Tom Quick hasn’t been able to move the right side of his body since he was 12. But he isn’t letting that stand in the way of what could be a record-breaking challenge.
Now 27, the part-time university student is planning to cycle 9000 kilometres around Australia.
Tom wants to cross the northernmost, easternmost, southernmost and westernmost point of the mainland – to show other survivors that anything is possible.
It would be a major achievement for anyone, let alone someone who was told at the start of high school they would never be able to walk on their own.
Tom remembers the morning he suffered a stroke – a condition affecting 600 Australian children every year – how he woke with a severe headache.
While his mum reached for a painkiller and a glass of water, Tom started screaming. Then he blacked out.
He woke up in hospital 37 days later.
I thought I was in a video game and if you press this button somewhere it’ll go back to the start, everything will be fine.’’
– Tom Quick, stroke survivor
During his recovery, Tom’s physiotherapist went so far as to say he would not be able to walk the distance from the car park of the Melbourne Cricket Ground into the stadium, without assistance.
And if that wasn’t clear enough, when Tom asked the surgeon who he credits for saving his life, when he’d be able to run again, it was put bluntly.
“You wouldn’t,” he recalled the surgeon saying.
“My love for sport had died right there when I had my stroke.”
During school lunchtimes, Tom would sit inside a room used by staff who helped students with disabilities, and eat lunch while his group of friends walked one kilometre to the nearest McDonald’s.
Given the break was for 50 minutes, Tom thought “don’t bother trying to walk up there”.
Until one day, one of them opened his eyes to realise “so what if you only get a 10-minute conversation? You still get 10 minutes with your mates”.
It wasn’t until he started playing table tennis in Year 8 that he gained back some drive.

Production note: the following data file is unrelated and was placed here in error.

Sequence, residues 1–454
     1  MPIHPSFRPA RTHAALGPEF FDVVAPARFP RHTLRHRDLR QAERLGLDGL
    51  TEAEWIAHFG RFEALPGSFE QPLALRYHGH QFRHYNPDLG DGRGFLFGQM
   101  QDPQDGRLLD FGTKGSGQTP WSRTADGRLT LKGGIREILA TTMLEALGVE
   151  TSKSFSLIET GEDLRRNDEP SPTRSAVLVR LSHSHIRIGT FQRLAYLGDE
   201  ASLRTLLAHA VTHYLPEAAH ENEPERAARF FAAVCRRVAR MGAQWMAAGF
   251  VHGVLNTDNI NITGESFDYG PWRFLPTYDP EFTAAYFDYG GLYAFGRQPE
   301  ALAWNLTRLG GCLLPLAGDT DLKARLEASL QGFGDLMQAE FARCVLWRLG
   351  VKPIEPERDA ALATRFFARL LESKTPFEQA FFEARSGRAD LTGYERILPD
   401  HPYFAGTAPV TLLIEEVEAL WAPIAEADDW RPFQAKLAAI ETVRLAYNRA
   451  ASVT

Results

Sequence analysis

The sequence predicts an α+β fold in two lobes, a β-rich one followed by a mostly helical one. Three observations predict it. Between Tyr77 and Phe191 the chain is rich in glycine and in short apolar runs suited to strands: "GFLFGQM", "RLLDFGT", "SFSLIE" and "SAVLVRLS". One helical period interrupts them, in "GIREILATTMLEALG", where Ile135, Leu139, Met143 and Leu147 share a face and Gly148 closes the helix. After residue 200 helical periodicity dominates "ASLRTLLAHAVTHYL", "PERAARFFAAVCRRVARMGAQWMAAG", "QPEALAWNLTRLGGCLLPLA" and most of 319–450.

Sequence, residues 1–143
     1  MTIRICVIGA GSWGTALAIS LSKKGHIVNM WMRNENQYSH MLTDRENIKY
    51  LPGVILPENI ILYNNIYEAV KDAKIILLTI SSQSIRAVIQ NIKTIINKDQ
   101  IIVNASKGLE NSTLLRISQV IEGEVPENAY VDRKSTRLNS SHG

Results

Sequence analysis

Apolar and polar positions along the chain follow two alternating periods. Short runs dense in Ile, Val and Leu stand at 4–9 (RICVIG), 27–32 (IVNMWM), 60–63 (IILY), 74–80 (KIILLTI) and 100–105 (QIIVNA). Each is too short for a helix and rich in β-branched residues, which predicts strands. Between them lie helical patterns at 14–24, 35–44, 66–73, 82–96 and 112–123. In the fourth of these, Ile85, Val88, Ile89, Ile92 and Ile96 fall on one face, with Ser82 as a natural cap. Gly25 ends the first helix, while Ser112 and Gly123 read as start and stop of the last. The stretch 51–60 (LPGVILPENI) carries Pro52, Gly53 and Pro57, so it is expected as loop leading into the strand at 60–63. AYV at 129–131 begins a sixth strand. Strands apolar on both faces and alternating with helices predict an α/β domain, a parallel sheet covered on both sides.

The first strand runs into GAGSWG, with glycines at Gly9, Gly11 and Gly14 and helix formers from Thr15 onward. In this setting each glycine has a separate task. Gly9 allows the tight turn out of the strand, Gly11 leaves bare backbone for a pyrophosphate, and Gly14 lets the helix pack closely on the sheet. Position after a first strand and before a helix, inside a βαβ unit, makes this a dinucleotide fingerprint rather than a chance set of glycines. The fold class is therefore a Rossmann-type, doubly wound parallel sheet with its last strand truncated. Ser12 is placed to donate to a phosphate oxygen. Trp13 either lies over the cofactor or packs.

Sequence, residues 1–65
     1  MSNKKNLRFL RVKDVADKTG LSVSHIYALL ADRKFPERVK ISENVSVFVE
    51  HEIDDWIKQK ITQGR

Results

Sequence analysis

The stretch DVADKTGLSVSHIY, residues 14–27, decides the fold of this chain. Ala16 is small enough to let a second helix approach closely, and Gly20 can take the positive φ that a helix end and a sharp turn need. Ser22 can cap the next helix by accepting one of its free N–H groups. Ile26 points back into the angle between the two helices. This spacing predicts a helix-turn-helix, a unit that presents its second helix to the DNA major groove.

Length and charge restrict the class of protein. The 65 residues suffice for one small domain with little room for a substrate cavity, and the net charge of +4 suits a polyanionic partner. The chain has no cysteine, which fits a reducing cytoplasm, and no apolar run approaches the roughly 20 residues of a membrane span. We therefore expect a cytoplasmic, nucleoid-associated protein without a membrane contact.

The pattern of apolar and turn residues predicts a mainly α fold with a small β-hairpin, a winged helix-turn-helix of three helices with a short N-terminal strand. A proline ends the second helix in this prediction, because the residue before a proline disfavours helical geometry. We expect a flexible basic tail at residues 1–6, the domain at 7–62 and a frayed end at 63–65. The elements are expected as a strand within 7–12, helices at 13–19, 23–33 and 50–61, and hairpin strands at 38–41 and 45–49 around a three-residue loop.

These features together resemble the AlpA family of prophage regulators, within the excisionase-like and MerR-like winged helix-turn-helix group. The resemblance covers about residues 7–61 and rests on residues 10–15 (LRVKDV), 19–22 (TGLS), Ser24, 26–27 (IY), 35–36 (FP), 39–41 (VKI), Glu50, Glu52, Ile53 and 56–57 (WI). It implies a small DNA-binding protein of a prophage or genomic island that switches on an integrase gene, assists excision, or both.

Adaptation, resilience and mental toughness for me happened over a long period of time, and it’s still going.’’
After receiving his L-plates, he struggled to get behind the wheel due to the fact he is blind in the corner of his right eye.
So a recreation worker who was helping Tom with his recovery suggested he get on a three-wheeled bicycle called a recumbent trike.
With a little push from his parents, he half-heartedly said yes.
Since then, he’s managed to cycle about 380 kilometres over four days for the Great Victorian Bike Ride.
Quashing his physiotherapist’s belief that he’d struggle to walk on his own, Tom also completed the 96-kilometre Kokoda Trail in 2014.
He is currently cycling dozens of kilometres every day to prepare for his eight to 12-month long journey around Australia on his recumbent trike, which was funded through the NDIS.
He is hoping people from across the country will cycle alongside him – even just for a few kilometres – as he journeys from Steep Point in Western Australia to Cape York in Far North Queensland.
“I believe no one has ever cycled a recumbent trike to the four furthest points of Australia before, let alone anyone with my capabilities,” he said.
In between cycling as many as 80 kilometres a day, Tom will be stopping at schools to talk about his journey, starting on August 2 next year, to mark his 28th birthday.
His message: “You’ve only got one life, so make the most of it.”